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Sandy beaches, rugged mountains, winding roads and blissful isolation. Nothing beats a few days away in Co Mayo. Here are just some of the things to do!
From Louisburgh to Achill Island, Croagh Patrick to Killary Fjord, Co Mayo is really an adventurer’s paradise. From walks to wild swim spots, windsurfing to pints in the local, it has got to be one of our favourite counties in Ireland. Stunning seas, deep valleys, jagged cliffs, winding roads, it has it all. So get the calendar out and plan a few days exploring the wilds of Mayo. These are just a few of the things to do when you get there.
There are hundreds of stunning walks to do in Mayo. From the beautiful coastal walks around Erris Head to the fantastic wilderness area of the Nephin Beg Range and the Bangor Trail. You could spend the whole weekend exploring this area alone. Check out our full guide of the Nephin Beg Range.
The west doesn’t get any more remote than the Scardaun Loughs so if it’s isolation and beauty you’re after then look no further. Further west are the distant silhouettes of Slievemore and Croaghaun on Ireland’s biggest island – Achill. Croaghaun also boasts our highest sea cliffs.
Sitting just outside Westport is Croagh Patrick, arguably our most well-known peak. It’s a tough drag up the side of the conical tower over uneven rocks and loose scree. But you will be rewarded with incredible panoramic views of the hundreds of tiny drumlin islands in Clew Bay and the very best of the Wild Atlantic Way. Check out our full review of Croagh Patrick for more information.
Then there is also triathlete Con Doherty’s favourite route the Bertra Beach Head, Annagh Bay and the 2km Claggan Mountain coastal trail in the Ballycroy National Park to check out.
8 of the Most Stunning Walks in Mayo
The most well-known cycle route in Mayo is without a doubt the Great Western Greenway. The 42km route from Westport to Achill (or vice versa) is the longest off-road walking and cycling trail in Ireland. And it’s a stunner! Bring your own bike or hire them. There are loads of places to get them, including the Greenway Bicycle hire, Clew Bay bike hire and Westport bike hire.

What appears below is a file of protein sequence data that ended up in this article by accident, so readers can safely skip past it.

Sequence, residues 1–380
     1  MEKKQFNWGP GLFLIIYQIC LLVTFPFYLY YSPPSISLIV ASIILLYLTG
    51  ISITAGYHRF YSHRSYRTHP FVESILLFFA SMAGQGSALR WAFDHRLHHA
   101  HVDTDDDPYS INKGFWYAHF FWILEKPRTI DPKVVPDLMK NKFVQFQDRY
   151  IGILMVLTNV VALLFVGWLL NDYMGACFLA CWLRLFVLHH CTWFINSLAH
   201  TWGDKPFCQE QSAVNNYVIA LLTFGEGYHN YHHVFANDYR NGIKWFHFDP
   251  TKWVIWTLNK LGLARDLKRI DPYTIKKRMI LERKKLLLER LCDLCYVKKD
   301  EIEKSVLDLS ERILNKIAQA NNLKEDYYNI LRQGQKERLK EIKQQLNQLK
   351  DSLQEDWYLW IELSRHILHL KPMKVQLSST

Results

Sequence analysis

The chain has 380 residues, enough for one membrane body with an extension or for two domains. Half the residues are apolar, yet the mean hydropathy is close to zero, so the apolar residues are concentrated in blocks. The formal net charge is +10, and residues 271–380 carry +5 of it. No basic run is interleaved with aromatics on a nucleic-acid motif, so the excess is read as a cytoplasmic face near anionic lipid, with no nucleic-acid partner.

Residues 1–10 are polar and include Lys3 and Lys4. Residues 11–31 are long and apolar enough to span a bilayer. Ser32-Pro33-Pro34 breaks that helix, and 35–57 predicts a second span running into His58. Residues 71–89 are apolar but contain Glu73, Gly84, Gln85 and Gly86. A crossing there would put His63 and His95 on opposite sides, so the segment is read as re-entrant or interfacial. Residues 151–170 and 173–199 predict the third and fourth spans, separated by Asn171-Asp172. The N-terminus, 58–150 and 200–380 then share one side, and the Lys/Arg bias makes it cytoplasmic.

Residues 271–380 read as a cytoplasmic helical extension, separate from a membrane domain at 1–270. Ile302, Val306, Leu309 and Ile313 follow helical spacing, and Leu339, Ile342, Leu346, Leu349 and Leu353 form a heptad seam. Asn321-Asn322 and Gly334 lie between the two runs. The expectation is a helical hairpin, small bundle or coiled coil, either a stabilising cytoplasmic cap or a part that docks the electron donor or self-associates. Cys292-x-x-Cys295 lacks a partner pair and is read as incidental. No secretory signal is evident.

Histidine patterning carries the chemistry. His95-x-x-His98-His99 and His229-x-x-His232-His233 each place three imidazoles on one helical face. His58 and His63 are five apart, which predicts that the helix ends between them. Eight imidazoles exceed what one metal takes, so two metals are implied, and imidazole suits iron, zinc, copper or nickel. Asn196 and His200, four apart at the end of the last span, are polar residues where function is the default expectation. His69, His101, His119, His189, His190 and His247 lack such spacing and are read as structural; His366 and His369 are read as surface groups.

The largest of the Mayo islands is a real microcosm of the mainland – it has beaches, cliffs, mountains all within a relatively small area. Located off the Mayo coast at the entrance to Clew Bay, its spectacular cliffs are home to large numbers of nesting seabirds and its hills, bogs and woodlands make it ideal for hill walking. Clare Island Adventures also offers an abundance of activities from snorkelling to coasteering and kayaking. There is also a yoga studio on the island for those looking to unwind. Clare Island can be reached by ferry from Roonagh point Louisburgh in Mayo. Check out our full guide to Clare Island.
It is easy to see why Achill Island has inspired the work of so many artists and writers. When the sun shines, it is a tropical paradise, while in stormy conditions, there are few places that will leave you feeling more invigorated. Crystal clear waters lap the shores of Ireland’s biggest island while piercing green peaks loom high above. Thanks to the Great Western Greenway, which will deliver you on two wheels to its doorstep, it is an area that is firmly on the map for lots of us. Keel Beach, Keem Bay and the Deserted Villiage are particular highlights. Check out our full guide to Achill Island.
A trip to Claggan Island is a must when travelling to north Mayo. Accessed by car via a sand spit at low tide, the journey out there is an adventure in itself. Surrounded by the sea, there are a few places more wild or remote. This is a place where you can go to sleep and wake up to the sound of crashing waves, a place where the word stress simply does not exist! Check out our comprehensive article on North Mayo for more information.